Single-cell RNA sequencing technologies have enabled many exciting discoveries of novel cell types and sub-types, such as the rosehip neurons (Boldog et al., 2018), disease-associated microglia (Keren-Shaul et al., 2017) and lipid-associated macrophages (Jaitin, Adlung, Thaiss, Weiner and Li et al., 2019). While sub-clustering cell populations is essential to find new sub-types, performing sub-clustering is difficult in most current single-cell analytics packages.
Here we provide a 3-step tutorial to help you easily sub-cluster any cell population and study its subsets using BioTuring Single-cell Browser (BBrowser). In this tutorial, we choose to look at an interesting immune dataset by Smillie, Biton, Ordovas-Montanes and colleagues (2019), “Intra- and Inter-cellular Rewiring of the Human Colon during Ulcerative Colitis”, and perform sub-clustering on the T cell populations, whose subsets are known for being extremely diverse and complex. As a result, we identified multiple T cell subsets, including PD-1+, IL-17+, activated, naive, regulatory, and exhausted T cells.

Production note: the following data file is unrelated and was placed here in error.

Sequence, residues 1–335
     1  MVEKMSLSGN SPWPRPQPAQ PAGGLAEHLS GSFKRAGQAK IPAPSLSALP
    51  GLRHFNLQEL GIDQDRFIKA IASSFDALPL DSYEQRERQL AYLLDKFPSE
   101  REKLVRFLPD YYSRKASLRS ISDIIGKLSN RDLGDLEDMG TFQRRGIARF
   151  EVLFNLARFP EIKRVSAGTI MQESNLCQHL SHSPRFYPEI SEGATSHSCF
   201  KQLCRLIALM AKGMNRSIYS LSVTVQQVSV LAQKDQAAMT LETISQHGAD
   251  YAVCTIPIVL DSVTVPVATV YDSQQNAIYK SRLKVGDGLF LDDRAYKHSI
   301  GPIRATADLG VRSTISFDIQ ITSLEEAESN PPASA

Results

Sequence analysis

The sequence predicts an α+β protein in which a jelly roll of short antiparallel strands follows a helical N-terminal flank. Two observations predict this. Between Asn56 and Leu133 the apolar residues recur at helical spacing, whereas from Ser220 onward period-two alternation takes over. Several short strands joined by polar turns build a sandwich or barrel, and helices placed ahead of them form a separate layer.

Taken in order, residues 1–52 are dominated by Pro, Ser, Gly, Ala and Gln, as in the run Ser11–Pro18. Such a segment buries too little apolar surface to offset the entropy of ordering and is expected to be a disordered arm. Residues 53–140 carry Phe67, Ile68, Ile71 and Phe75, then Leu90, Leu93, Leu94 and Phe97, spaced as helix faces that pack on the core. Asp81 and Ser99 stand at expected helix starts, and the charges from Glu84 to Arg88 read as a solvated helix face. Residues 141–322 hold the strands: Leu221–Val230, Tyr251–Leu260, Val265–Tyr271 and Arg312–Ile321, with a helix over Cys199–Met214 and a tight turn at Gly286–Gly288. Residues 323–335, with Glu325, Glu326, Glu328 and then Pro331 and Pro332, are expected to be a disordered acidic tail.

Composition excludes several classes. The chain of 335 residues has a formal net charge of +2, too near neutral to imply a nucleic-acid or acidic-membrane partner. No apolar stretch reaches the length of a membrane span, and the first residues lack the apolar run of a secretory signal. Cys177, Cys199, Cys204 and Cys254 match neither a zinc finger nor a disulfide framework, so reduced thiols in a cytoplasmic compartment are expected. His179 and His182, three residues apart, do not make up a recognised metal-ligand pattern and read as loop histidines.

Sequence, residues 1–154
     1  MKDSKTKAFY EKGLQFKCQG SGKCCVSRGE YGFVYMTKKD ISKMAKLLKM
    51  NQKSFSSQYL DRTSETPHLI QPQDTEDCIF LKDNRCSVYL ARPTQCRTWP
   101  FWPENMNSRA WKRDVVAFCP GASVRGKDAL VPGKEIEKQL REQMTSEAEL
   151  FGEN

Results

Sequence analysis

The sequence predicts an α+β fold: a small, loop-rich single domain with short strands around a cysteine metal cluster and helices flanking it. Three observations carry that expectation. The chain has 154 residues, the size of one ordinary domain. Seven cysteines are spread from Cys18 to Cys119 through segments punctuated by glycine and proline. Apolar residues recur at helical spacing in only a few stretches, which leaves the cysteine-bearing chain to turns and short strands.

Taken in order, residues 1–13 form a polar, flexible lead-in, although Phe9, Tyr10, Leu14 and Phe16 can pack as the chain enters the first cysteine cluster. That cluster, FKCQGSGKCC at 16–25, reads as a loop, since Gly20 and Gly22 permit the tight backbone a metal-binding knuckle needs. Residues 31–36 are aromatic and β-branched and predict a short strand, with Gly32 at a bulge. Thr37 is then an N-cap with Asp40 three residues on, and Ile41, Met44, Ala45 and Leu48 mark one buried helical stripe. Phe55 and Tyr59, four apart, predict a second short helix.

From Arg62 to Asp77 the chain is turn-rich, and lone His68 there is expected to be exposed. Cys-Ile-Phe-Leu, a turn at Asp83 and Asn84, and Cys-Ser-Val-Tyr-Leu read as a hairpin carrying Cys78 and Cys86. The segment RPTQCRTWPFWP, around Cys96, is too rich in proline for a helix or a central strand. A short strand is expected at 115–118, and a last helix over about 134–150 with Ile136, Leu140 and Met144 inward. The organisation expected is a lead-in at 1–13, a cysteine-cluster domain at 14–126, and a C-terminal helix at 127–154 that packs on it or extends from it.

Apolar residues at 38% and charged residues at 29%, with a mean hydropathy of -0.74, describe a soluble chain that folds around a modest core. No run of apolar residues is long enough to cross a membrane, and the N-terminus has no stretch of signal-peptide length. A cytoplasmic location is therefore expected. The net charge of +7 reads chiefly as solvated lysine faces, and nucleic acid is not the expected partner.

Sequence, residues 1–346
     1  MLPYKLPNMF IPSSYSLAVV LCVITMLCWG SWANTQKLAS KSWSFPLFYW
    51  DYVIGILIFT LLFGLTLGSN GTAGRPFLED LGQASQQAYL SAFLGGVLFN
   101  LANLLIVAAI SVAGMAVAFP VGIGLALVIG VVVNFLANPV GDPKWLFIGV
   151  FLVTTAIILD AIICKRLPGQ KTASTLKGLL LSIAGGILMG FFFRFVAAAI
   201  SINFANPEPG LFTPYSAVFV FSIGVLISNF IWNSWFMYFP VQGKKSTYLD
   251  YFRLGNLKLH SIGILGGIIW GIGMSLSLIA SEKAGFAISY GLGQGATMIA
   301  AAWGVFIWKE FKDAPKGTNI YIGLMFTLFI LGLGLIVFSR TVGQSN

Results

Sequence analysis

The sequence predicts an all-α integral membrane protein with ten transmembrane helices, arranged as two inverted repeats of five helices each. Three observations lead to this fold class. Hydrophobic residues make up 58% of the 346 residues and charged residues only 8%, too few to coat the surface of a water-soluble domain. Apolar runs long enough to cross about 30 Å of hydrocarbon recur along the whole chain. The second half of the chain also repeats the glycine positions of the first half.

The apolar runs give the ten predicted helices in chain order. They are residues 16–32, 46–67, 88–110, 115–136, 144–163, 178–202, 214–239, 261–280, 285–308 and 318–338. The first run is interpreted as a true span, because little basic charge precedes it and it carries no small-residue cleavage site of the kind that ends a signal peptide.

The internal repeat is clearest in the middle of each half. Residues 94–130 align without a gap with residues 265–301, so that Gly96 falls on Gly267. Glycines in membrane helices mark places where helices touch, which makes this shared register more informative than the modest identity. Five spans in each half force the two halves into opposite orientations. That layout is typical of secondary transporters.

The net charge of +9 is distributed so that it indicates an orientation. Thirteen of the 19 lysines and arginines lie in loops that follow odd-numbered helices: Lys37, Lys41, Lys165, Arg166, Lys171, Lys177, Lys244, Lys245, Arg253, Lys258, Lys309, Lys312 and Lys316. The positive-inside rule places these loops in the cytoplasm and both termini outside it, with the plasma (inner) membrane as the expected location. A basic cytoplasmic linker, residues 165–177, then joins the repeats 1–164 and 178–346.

Before we proceed to the tutorial, make sure you have BBrowser installed and downloaded the dataset from BBrowser public data repository. BBrowser is available here >>>
Fig 1. Dataset ““Intra- and Inter-cellular Rewiring of the Human Colon during Ulcerative Colitis”, visualized in BioTuring Browser (Accession ID: smillie2019.imm)
Sequencing 366,650 cells from the colon mucosa of 18 ulcerative colitis (UC) patients and 12 healthy individuals, the study identified 51 epithelial, stromal, and immune cell subsets, making up an important atlas of the human colon. For this tutorial, we will only examine the immune dataset, consisting of 54,195 immune cells, including several groups of B and plasma cells, myeloid cells, natural killers, and T cells. For T cells, the study identified various subsets, among which were regulatory T cells ( T regs), memory, MT-hi, activated, IL-17+, and PD-1+ T cells.
Step 1: Find the T cells with CD3 expression
To sub-cluster T cells, we first need to identify the T-cell population in the data. Here we query their marker gene CD3D, and identify them as the red cluster on the left (Fig 2).